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Switzerland's Last Gasp Goal Epitomizes What's Right about Soccer

Switzerland needed a stoppage time goal to defeat Ecuador 2-1. Seferovic's decider and the moments that led to it help show why soccer is the beautiful game.

Stu Forster

It took a last gasp goal, but Switzerland defeated Ecuador 2-1 on Sunday afternoon. Ecuador struck first when Enner Vlencia nodded in a Walter Ayoví free kick in the 22nd minute. Admir Mehmedi, who entered at halftime, brought the game level when he powered home a corner kick sent in by Ricardo Rodríguez in the 48th minute. The game seemed destined for a draw until Haris Seferovic scored in stoppage time.

The final goal epitomized everything that's right about soccer.

The goal started with a clutch tackle by Valon Behrami on Michael Arroyo. While Arroyo sulked about the sliding challenge, Behrami quickly got up to initiate the counterattack. Despite logging more than 90 minutes, the midfielder was determined and saw a chance to capture the win.

At midfield, Behrami encountered Carlos Gruezo, who committed a foul to try to kill off the game. Gruezo did enough to force Behrami to the ground, but not enough to kill his ambition. After a successful tuck-and-roll, the Napoli player dished the ball wide.

Before we talk about the final moments that led to the goal, let's talk about the referee. Ravshan Irmatov was appropriately silent after Gruezo's hard tackle. The no-call was excellent and served a great example of how the advantage call should work. Behrami successfully recovered the ball without an issue, which meant that no whistle was needed.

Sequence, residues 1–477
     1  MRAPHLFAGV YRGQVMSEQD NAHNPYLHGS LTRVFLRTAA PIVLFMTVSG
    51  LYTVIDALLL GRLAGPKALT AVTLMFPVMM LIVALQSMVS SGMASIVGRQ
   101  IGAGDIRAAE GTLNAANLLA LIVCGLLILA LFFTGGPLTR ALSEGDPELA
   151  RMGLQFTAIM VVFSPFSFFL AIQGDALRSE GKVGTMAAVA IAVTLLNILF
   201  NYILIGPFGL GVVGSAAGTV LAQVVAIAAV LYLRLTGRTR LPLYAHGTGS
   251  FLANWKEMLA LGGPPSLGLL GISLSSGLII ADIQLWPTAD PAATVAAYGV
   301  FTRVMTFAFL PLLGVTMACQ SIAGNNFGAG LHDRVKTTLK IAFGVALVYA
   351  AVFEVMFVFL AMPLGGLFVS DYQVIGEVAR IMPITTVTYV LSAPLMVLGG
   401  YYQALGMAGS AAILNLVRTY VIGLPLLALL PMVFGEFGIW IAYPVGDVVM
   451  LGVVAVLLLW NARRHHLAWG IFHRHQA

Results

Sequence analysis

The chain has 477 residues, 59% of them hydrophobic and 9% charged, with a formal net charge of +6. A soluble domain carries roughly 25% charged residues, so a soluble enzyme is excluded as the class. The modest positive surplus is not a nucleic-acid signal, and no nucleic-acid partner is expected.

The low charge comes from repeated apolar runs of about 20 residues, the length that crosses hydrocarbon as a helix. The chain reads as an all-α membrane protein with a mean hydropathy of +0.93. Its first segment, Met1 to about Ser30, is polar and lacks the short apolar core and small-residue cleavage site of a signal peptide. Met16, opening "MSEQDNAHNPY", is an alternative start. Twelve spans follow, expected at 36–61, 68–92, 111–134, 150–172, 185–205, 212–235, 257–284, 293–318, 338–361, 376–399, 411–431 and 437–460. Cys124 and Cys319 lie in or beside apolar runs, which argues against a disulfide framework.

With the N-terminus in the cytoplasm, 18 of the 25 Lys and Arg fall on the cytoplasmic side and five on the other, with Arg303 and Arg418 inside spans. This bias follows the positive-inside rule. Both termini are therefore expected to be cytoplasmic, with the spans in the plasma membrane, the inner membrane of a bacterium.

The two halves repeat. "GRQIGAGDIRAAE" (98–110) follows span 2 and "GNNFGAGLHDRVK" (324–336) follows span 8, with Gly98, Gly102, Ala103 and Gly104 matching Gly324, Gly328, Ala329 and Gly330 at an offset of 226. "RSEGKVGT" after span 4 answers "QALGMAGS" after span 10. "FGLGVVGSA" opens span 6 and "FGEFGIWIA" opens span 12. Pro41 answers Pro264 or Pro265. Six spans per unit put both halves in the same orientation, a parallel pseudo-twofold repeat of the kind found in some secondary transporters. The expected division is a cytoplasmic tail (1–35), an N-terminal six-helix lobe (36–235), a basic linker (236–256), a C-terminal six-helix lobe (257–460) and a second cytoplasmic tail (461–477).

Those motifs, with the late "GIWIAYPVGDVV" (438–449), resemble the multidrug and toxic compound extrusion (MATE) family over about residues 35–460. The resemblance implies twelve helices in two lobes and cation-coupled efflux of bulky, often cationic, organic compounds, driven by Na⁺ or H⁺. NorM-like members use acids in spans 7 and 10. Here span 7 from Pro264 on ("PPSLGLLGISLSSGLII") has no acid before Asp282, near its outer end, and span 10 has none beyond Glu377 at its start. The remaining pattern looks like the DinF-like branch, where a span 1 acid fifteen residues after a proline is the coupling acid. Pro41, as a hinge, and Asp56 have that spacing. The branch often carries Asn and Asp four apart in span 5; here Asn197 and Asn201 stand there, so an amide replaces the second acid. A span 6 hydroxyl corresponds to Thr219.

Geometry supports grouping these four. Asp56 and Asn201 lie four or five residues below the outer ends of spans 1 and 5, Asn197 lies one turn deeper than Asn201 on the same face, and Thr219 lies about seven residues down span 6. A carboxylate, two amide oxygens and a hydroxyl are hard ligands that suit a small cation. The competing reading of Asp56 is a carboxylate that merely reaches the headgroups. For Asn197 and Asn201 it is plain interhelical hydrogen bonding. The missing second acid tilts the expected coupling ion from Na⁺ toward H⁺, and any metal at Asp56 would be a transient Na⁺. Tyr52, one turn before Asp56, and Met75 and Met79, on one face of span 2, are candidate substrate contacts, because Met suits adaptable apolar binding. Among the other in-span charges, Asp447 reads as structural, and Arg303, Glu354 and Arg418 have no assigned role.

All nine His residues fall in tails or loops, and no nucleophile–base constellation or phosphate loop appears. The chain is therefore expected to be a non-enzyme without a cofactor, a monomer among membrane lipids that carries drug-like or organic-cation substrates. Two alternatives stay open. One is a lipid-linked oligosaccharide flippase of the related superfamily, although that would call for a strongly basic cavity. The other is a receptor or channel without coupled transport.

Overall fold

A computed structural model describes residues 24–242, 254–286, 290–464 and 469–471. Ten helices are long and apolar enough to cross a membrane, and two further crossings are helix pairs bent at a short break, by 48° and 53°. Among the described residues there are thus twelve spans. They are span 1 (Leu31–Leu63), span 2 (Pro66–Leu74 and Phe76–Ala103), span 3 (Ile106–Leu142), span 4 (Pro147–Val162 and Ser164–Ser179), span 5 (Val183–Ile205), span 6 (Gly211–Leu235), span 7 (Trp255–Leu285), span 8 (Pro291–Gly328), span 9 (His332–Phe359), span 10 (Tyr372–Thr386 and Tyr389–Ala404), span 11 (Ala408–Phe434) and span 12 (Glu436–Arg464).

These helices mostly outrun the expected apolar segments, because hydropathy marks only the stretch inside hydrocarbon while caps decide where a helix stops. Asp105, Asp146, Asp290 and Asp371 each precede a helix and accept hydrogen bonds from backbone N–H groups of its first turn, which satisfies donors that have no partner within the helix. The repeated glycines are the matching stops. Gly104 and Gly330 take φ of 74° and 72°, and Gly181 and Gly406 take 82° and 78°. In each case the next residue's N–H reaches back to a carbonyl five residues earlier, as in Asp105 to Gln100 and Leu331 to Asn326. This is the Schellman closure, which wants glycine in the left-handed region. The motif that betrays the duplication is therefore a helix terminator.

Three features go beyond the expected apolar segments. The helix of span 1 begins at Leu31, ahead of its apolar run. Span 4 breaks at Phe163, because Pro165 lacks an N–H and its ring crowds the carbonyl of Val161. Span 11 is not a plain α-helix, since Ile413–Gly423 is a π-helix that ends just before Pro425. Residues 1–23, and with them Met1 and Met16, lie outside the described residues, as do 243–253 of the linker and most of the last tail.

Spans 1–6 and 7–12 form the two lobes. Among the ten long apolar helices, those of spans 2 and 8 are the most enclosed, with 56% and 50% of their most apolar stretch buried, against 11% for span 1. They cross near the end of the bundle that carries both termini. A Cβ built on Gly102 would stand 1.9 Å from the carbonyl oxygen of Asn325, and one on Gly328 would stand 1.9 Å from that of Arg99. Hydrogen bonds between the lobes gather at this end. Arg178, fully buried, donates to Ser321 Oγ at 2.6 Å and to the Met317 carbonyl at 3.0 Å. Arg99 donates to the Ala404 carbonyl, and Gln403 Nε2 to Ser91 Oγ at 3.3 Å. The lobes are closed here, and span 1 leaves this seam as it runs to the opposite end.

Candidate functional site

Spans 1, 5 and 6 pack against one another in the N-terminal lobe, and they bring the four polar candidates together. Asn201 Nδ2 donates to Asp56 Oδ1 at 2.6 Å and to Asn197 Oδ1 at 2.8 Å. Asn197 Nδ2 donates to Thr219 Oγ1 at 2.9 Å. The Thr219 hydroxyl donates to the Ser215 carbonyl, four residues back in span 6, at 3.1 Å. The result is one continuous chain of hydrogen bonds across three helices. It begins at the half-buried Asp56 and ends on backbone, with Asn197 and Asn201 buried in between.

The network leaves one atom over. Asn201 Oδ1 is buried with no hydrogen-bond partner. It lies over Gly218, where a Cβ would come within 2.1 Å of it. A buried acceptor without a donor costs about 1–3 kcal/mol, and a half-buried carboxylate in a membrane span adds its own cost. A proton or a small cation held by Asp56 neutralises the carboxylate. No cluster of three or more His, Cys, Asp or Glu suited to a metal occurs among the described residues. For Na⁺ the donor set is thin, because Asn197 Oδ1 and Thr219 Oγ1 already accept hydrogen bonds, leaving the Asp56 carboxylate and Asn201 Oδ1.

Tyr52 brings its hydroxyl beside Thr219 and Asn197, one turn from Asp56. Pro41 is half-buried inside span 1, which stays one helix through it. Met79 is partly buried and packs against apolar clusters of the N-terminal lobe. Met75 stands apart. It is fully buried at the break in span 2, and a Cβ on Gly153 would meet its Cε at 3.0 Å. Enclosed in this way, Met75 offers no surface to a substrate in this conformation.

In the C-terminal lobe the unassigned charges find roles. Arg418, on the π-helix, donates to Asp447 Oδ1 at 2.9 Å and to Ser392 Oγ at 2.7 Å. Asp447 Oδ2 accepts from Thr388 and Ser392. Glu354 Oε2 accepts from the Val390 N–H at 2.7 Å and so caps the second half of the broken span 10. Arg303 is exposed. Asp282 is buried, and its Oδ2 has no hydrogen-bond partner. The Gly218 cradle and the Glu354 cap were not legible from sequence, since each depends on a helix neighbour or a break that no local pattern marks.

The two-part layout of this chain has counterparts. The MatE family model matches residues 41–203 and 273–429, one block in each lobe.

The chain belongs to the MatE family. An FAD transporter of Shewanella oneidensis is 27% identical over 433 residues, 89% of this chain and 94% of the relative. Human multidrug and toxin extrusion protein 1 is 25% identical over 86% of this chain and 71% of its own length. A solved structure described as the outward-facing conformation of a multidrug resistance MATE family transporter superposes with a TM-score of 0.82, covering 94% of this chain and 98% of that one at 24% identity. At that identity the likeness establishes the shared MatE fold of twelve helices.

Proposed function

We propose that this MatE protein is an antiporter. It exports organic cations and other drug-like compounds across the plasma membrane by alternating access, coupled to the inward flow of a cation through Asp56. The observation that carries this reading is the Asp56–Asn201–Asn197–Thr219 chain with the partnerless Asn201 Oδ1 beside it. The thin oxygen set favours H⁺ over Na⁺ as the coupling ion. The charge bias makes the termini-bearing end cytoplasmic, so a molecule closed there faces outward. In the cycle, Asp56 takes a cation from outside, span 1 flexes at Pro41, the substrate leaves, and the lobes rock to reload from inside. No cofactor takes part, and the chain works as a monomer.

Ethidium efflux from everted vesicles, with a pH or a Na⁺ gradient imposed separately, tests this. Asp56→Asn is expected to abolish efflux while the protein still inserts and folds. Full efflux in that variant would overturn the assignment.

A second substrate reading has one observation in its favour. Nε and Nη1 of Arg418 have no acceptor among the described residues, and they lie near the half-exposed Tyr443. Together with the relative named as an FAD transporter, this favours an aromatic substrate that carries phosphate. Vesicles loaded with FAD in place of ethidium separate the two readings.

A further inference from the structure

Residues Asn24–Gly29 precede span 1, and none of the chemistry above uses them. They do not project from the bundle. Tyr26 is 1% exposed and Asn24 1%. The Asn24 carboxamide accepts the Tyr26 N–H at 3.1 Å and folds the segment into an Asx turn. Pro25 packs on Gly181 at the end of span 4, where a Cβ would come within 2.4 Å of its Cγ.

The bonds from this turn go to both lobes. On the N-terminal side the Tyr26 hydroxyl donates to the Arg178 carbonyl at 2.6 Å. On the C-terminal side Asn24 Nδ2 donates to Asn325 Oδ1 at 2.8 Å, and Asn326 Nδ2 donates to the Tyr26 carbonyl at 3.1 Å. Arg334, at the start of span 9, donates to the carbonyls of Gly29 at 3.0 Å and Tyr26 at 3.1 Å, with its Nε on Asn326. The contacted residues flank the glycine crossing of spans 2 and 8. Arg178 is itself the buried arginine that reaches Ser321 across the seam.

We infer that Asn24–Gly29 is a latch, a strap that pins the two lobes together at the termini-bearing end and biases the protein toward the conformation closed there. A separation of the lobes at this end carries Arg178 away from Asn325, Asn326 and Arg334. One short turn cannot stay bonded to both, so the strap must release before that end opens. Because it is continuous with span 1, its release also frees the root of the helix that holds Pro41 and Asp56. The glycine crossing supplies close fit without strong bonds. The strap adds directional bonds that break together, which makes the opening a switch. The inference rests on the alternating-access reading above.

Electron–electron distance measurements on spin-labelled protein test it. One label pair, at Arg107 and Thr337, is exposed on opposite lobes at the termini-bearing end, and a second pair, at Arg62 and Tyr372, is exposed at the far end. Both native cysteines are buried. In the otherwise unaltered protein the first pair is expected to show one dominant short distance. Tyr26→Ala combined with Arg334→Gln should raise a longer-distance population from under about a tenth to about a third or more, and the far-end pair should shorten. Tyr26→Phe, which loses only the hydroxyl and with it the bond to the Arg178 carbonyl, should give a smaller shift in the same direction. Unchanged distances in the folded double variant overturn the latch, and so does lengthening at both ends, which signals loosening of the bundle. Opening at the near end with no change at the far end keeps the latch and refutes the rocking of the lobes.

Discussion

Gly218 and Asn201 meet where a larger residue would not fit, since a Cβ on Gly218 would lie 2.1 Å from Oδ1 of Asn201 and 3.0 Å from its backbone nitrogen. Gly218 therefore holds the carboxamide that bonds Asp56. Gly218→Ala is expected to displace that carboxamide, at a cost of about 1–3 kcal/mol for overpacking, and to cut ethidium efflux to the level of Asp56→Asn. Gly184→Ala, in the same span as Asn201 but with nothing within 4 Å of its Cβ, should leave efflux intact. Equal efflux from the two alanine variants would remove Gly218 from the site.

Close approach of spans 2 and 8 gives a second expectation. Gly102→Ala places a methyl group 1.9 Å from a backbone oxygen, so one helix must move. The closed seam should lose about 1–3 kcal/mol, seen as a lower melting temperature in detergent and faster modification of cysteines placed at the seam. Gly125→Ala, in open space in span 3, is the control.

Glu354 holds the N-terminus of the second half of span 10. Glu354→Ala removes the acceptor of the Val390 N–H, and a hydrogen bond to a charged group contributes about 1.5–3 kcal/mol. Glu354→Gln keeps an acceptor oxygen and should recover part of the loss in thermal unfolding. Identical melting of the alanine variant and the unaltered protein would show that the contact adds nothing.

It should also be noted that Irmatov allowed the play to develop despite the clock being seconds over the announced three minutes of stoppage time. The Uzbekistan native was again in the right because three minutes was a suggestion with the center referee getting to make the final decision. Irmatov saw an attacking play develop and was well within the right to keep the game alive.

The only criticism I have about Irmatov in regards to this play is that he never went back to issue Gruezo a yellow card. Gruezo clearly committed a professional foul at midfield, which should have resulted in disciplinary action. Yellow card suspensions can have a large effect in the World Cup. Gruezo clearly got lucky.

Back to the goal.

Switzerland quickly moved the ball forward by efficiently making the most of the extra space. When the ball got to Rodriguez, the attacking left back found a streaking Seferovic. The forward snuck between two Ecuadoran defenders while staying onside to score the game winner. Goalkeeper Alexander Dominguez had no chance as Steferovic roofed his shot from inside the six yard box.

The goal was a product of great resolve, intense focus and effective teamwork. The opening game of the World Cup is sometimes more about not losing then it is about winning. Switzerland left it all on the field on Sunday and they were rewarded with full points.

The tackle, the passing and the finish help explain why soccer is called the beautiful game.